I wonder how I will feel about meeting everyone. I know I will be disappointed to some degree, the way I was when it was pointed out to me that by all accounts Immanuel Kant was a bitter misogynist who would have despised me for mixing his biography up with his philosophical motivations. Frankly, if all knowledge begins with experience then I am glad I never met the man. But Kant only lives on in books, my mother only lives on in my memories, and I have to leave the house from time to time, so I consider this party. I wonder how much I will tell them about myself. I wonder how different they will seem, "real". I wonder if I will wind up having sex with any of them later, online. I do know one thing. I am going to wear a sequined dress. One that makes me look like a shiny black seal.
Thanks to Jill Lane, Peggy Phelan, Misha Iampolski and Tom Igoe.
1. The details of Kant's life are ones I have taken from the account of Ben-Ami Scharfstein in The Philosophers: Their Lives and the Nature of Their Thought.
Scharfstein consults a series of biographies on Kant for his insightful text, recommending most highly L.E. Borowski, R.B. Jachmann & C. Wasianski, Immanuel Kant: Sein in Darstellungen von Zietgenossen
, ed. Felix Gross. Berlin: DeutscheBibliothek, 1912.
2. All hail the Internet.The translation of Critique of Judgement
I am using is by James Creed Meredith, from the German Library series. It is availble via gopher at:gopher://gopher.vt.edu:10010/02/107/2 .The translation of Critique of Pure Reason
I am using is by Norman Smith Kemp. It, too, is downloadable in its entirety, complete with a search engine that scans the text for any word you wish to trace: Finally, for more information on Kant than anyone could possibly need, point your web browser to: .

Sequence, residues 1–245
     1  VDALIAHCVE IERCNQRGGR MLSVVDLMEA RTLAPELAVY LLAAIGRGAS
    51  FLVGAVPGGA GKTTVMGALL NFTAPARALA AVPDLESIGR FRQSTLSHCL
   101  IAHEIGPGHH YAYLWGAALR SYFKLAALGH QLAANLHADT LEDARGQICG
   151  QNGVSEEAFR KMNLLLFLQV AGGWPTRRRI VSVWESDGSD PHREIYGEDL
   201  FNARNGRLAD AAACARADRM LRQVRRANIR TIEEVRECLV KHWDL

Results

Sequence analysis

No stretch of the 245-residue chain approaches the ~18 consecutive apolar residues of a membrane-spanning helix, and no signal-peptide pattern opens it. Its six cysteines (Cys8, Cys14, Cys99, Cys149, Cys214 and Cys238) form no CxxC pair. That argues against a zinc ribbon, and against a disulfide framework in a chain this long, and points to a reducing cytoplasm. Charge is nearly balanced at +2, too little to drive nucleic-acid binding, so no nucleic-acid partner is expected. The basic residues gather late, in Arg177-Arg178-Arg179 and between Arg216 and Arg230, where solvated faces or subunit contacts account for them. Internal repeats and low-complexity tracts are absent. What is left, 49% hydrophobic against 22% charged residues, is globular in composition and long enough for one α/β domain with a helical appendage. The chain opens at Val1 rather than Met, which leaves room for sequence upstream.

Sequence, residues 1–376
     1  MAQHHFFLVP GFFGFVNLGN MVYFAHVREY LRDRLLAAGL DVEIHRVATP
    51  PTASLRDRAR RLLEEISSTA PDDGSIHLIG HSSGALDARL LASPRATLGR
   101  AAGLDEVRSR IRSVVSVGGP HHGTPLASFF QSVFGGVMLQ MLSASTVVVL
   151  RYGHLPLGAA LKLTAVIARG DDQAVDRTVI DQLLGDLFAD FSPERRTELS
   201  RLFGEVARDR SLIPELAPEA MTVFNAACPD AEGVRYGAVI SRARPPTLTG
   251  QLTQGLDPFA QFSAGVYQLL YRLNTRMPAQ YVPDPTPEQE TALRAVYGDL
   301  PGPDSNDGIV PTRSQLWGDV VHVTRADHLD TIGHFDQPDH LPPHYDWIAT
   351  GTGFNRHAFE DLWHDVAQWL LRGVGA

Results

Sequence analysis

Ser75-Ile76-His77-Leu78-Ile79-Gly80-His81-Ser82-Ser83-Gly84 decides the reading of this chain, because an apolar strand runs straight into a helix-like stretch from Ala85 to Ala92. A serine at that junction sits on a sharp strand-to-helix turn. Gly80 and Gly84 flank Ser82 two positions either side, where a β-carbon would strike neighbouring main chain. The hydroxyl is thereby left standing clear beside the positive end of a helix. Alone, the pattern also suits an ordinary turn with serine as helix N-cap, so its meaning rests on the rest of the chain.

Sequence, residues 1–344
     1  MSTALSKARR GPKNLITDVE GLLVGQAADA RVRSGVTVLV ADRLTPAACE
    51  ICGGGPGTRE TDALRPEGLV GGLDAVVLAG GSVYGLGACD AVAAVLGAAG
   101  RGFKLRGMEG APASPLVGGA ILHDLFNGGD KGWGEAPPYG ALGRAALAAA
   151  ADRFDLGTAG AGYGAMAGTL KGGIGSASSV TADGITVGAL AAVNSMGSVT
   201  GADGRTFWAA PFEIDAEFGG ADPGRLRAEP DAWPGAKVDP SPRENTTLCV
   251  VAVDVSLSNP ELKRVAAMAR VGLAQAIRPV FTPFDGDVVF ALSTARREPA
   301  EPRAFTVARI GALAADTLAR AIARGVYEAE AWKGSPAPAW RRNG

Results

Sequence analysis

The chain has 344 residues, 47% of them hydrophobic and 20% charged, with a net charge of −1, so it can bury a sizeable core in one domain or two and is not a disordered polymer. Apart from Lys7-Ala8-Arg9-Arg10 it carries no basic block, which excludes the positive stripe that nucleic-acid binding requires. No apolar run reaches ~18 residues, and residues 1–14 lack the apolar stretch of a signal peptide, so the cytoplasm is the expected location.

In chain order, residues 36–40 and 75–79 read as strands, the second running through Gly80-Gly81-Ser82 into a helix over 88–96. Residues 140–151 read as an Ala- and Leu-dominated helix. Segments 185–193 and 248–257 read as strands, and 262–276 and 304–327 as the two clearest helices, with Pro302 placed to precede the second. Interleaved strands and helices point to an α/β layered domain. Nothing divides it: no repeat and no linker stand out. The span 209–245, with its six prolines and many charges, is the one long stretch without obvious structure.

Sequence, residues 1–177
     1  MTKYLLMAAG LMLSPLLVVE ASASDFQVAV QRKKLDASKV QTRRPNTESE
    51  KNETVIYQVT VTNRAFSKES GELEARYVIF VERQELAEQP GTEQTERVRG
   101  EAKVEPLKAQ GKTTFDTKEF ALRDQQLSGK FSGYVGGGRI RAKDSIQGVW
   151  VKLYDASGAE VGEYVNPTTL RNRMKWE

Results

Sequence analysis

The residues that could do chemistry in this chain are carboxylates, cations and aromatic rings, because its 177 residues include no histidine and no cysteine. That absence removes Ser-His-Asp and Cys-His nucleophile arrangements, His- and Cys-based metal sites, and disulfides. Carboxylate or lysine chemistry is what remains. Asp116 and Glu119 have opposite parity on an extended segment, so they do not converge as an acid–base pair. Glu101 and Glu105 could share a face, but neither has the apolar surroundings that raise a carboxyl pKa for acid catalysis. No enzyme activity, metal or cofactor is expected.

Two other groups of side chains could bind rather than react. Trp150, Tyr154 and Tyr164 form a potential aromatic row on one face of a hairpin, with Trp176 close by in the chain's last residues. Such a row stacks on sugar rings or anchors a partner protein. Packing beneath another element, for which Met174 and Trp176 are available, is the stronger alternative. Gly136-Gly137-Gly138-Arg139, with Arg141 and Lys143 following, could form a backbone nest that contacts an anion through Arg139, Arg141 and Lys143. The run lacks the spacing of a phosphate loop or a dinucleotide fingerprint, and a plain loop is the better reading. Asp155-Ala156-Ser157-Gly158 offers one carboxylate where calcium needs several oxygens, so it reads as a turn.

3. I am grateful to Matt Ehrlich for his observations regarding the homosexual desire of Wintermute and Neuromancer in his essay, "Turing, My Love".
4. Dibbell's article is available on the web. Point your browser to: ftp://parcftp.xerox.com/pub/MOO/papers/VillageVoice.txt
5. The first time I came across this argument, it was being made by Sue-Ellen Case in her book, Performing Feminisms.
Behler, Ernst, Ed. 1993. Immanuel Kant: Collected Philosophical Writings.
New York, Continuum Publishing
Case, Sue-Ellen. 1988. Feminism and Theatre.
New York : Methuen.
Derrida, Jacques. 1987. Truth in Painting.
Chicago: University of Chicago Press.
Dibbell, Julian,1994. "A Rape in Cyberspace; Or How an Evil Clown, a Haitian Trickster Spirit, Two Wizards, and a Cast of Dozens Turned a Database into a Society." Flame Wars: The Discourse of Cyberculture,
Ed. Mark Dery. Durham: Duke University Press.
Ehrlich, Matthew. 1996. "Turing, My Love." Women & Performance: A Journal of Feminist Theory
. Vol. 9, No. 1, Issue 17.
Gibson, William. 1984. Neuromancer.
New York: Ace Books.
Jameson, Frederick. 1992. Postmodernism: or the Cultural Logic of Late Capitalism.
.Duke University Press.
Kant, Immanuel. 1933. Critique of Pure Reason.
Kemp, Norman Smith, trans. London: MacMillan.
----. 1993. Critique of Judgement (Meredith, J.C., trans.) in Immanuel Kant: Collected Philosophical Writings.
New York, Continuum Publishing. 129-238
-----. 1991. Observations on the Feeling of the Beautiful and Sublime.
Goldthwait, John, trans. Berkeley: University of California Press.
Kristeva, Julia. "Theatre Does Not Take (a) Place"
Scarfstein, Ben-Ami. 1980. The Philosophers: Their Lives and the Nature of Their Thought.
New York: Oxford University Press.
Marc GIRARD Mathématicien de formation, le Dr Girard est devenu médecin tout en menant des recherches sur la modélisation mathématique en biologie. Après un passage aussi bref que mouvementé comme salarié d’une grande firme pharmaceutique, il a développé, en France, la première activité libérale de conseil en pharmacovigilance (étude des effets secondaires des médicaments) et e